From the start I loved the modern iteration of Battlestar Galactica. It was gritty and exciting, filled with passion and despair.
Somewhere along the line that went wrong. And the more I think about it, the more it highlights the centrality of character to every aspect of story telling.
You’ve got to have faith?
Religion exemplified the problem with BSG.
At the start religion played an interesting role. This was a sci-fi setting in which the characters had an old-fashioned faith. Their relationship with that faith, and how it affected their understanding of current events, gave them extra depth. I loved it.
But then faith slipped over into fact. The plot started being led by ancient prophecy and holy books. The role of religion in the show had taken a radical shift, and it was one that completely changed my understanding of the characters.
Subjectivity adds depth
When their religion was a subjective matter, a faith choice on which characters could legitimately hold differing opinions, it gave them depth. It was a layer of the world that added richness, nuance and variety to the show’s diverse collection of soldiers and refugees. It made them interesting.
Destiny removes agency
When their religion became an objective matter, driving the characters towards a pre-ordained destiny, it removed that depth and took away the characters’ agency with it.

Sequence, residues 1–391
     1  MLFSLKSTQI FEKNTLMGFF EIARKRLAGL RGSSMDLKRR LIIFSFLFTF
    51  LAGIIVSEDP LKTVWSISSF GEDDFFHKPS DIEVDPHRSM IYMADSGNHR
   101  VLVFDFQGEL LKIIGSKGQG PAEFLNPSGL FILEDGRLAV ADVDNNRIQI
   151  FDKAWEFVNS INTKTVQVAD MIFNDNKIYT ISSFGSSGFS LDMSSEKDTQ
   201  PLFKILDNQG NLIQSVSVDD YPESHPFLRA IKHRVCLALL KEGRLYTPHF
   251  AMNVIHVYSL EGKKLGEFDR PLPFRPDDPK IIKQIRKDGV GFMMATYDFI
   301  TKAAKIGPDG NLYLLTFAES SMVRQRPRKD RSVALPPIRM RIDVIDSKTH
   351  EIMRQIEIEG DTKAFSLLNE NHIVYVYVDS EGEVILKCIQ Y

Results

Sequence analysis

As we saw that elements in the religion were objectively true it became harder to see belief in religion as a choice characters made. It also took away the possibility for divergent views. Now a character who didn’t agree with the religion was objectively wrong and being stupid.
Worse, the element of prophecy and destiny deprived the characters of control over their own fate. They were moving towards a pre-ordained future. The choice wasn’t theirs. They were less in control of their actions, and so less interesting.
This is why I almost always hate prophecies in fiction.
What a shame
This wasn’t everything that was good about the show at the start, or that went wrong along the way. But what it highlights is that plot or setting can change our understanding of characters, strengthening or undermining them. As both writers and readers, it’s something to look out for.
So, now that I’ve got you thinking, can you see other examples where the shape of the setting directly affects the characters in this way? Share some examples, help me think this one over.
Thanks to Joe Kawano for the question that inspired this post.